There is still a lot of time left in the vacation season. Just because you’re on vacation though doesn’t mean danger is. So it’s important to think about how carrying a firearm might change during various recreational activities. (You can also check out some tips for carrying a firearm while camping.)
I normally have a handgun with me while boating in freshwater, be that on a lake or river. While I don’t expect to have to repel a boarding attempt by pirates or fend off a shark attack in Lake Michigan, I am simply accustomed to having a handgun available and always at the ready.
Carrying on a boat creates specific requirements — whether on a speedboat, pontoon, rowboat, kayak or canoe and on a lake or river. Any gun that I carry on the water could be referred to as a “boat gun,” and it stays on my body at all times.
A boat gun has three characteristics. First, it is light enough that it won’t weigh you down like an anchor if you fall in accidentally or jump in during an emergency. Second, it is inexpensive enough that if you do lose it in the water, it won’t cause a financial hardship. (Aboard ship is not the place for your custom high-end 1911.) Third, it is carried in such a way that it can be easily jettisoned — waist packs work best for this.
These particular specifications do not apply if you are canoeing or kayaking in dangerous bear country, where serious, hard-hitting and deep-penetrating rounds are needed. My favorite carry gun on the water is the lightweight Smith & Wesson M&P five-shot .38 Special with integral laser sight. The Diamondback DB9 I recently tested, or any gun from the SCCY pistol series, would also be a great choice.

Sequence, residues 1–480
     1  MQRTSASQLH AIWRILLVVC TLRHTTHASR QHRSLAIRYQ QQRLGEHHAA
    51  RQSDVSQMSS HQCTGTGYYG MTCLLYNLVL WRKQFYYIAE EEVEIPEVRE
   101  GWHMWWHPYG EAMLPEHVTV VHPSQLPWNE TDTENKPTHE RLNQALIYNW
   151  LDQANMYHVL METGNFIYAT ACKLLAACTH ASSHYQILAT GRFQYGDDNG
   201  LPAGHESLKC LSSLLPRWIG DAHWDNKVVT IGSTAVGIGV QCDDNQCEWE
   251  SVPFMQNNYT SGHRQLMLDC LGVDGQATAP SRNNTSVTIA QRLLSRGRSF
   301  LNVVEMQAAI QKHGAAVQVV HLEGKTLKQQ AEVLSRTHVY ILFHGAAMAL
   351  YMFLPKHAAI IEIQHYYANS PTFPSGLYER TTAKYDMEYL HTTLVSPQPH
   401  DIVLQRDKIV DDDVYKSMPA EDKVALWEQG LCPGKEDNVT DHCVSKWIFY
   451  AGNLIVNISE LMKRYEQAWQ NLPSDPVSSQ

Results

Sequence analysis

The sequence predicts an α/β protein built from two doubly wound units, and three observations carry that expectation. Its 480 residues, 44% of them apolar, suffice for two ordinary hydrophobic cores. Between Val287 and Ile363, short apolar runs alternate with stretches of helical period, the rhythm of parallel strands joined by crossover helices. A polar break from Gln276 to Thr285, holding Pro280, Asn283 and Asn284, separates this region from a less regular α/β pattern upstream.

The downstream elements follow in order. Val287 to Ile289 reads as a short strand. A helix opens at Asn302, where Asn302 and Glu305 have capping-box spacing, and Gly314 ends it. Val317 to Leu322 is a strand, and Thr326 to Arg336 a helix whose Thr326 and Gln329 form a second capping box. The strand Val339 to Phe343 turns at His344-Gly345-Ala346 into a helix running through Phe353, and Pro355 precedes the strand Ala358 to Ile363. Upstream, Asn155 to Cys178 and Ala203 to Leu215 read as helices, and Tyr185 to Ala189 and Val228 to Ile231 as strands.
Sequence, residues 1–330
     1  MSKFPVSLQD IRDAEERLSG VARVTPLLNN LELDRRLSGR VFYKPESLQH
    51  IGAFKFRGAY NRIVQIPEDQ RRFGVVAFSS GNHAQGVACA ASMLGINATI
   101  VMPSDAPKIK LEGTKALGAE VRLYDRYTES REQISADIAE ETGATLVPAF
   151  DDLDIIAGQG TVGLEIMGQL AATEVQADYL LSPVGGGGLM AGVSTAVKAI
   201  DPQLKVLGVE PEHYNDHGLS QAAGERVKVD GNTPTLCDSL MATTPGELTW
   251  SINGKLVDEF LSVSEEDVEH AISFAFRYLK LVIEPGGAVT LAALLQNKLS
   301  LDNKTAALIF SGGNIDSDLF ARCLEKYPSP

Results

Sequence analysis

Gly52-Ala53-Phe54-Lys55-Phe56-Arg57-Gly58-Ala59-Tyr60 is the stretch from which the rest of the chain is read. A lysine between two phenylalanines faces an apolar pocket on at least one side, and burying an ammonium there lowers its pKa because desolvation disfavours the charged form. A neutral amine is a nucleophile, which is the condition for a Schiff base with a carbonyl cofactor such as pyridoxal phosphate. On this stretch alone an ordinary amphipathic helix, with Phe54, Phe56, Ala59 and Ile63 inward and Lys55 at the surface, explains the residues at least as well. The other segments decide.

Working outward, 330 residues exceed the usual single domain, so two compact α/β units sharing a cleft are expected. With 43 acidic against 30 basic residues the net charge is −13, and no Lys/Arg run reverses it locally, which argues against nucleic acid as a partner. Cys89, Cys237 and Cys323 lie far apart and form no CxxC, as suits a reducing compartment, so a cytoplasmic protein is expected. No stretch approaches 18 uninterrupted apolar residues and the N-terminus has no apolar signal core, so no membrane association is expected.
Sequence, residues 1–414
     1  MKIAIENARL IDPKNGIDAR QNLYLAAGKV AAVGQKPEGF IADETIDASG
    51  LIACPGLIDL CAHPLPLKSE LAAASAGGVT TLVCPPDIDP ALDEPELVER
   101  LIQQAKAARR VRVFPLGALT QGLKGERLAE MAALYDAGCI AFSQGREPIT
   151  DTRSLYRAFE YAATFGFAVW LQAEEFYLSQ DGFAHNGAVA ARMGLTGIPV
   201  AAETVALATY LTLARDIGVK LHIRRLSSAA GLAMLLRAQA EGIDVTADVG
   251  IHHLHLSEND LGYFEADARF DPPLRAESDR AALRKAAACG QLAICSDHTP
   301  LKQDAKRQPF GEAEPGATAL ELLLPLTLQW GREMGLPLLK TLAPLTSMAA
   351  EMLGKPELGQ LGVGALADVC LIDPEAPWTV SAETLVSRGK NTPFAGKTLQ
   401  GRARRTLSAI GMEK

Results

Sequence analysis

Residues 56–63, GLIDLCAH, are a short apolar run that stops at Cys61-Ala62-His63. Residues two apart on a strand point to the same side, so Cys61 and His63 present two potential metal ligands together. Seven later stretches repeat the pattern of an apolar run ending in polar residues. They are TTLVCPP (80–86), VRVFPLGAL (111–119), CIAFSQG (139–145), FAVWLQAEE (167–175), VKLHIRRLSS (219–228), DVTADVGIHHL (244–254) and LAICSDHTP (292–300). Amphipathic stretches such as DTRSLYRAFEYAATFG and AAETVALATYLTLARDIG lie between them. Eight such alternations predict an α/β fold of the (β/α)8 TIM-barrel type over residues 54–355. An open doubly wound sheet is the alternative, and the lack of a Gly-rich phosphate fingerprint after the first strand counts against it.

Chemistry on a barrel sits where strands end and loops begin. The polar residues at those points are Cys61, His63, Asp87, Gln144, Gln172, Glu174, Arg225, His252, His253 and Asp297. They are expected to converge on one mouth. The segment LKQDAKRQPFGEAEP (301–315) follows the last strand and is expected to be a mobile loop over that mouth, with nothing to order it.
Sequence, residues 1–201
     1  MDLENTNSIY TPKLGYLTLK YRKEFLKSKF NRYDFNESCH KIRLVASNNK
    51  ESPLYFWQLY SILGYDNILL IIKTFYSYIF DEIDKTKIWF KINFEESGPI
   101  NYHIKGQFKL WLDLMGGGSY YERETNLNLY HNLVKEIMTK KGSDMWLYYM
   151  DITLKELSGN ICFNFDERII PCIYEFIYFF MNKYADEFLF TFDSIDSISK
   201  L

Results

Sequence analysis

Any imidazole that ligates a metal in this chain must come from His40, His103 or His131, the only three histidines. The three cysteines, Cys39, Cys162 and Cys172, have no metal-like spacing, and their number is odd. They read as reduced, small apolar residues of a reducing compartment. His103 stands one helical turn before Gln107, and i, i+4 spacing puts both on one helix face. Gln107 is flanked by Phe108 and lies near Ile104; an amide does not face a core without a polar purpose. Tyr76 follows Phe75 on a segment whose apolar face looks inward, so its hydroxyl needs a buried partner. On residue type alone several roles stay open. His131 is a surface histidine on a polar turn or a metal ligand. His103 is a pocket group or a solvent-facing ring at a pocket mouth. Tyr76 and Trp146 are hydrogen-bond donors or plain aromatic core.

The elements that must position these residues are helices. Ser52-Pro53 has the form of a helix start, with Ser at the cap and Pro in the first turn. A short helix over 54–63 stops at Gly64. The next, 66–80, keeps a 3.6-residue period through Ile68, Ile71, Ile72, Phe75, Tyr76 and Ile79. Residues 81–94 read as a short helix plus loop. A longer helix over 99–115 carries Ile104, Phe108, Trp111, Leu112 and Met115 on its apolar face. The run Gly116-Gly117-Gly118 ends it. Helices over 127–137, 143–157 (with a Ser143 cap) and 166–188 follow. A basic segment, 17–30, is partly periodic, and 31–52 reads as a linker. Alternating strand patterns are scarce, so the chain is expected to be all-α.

Hiking is one of my family’s favorite activities. We are fortunate to live close to many places to hike, ranging from paved paths to remote woods. The requirements for a good hiking gun are similar to those of a boat gun — with the exception of waist-pack carry. The same power upgrades in angry bear country mentioned above apply to hiking guns.
In the warm weather months, keeping the carry gun’s weight to a minimum is critical. The lighter the better since water, snacks, insect spray, a field knife and various other gear will be a part of my load. One of the many handguns that I wish I had kept is the S&W 386 PD Airlite Titantium, a seven-shot L-frame .357 Magnum revolver that had a scandium-aluminum frame and titanium cylinder. Although it was brutal to shoot with magnum loads, you could carry it forever without discomfort. A hiking gun I like today is the Bond Arms two-shooter. The .45 Colt/.410 barrel is great for snake country, and I have also carried my Bond with the 10mm or .357 Magnum barrel affixed in black bear country as additional backup.
Wearing a snowmobile suit or other heavy outer winter clothing makes waist carry difficult. This is where shoulder holsters and chest holsters excel since the activity requires a lot of seated time. My Iver Johnson .38 Super 1911 in an El Paso Saddlery’s 1942 Tanker shoulder/chest military holster would work well. A standard under-the-armpit or cross-chest-type rig is good too. Make sure you practice your access to the rig from a zippered coat to ensure you can get to it smoothly in an emergency.
The outdoors house some of my favorite activities. Getting out in the great outdoors for some fresh air and sun is, according to a number of reports, also important in building Vitamin D and maintaining a healthy immune system. Select the right gun and carry method for your “mission” and enjoy!
About Scott W. Wagner
Scott W. Wagner is a criminal justice professor and police academy commander from Columbus, Ohio. He has been a police officer since 1980, working as an undercover liquor investigator, undercover narcotics investigator, patrol officer, SWAT team member, sniper and assistant team leader. Scott is currently a patrol sergeant with the Village of Baltimore, Ohio, Police Department. He has been a police firearms instructor since 1986 and is certified to instruct revolver, semi-automatic pistol, shotgun, semi- and fully automatic patrol rifle, and submachine gun.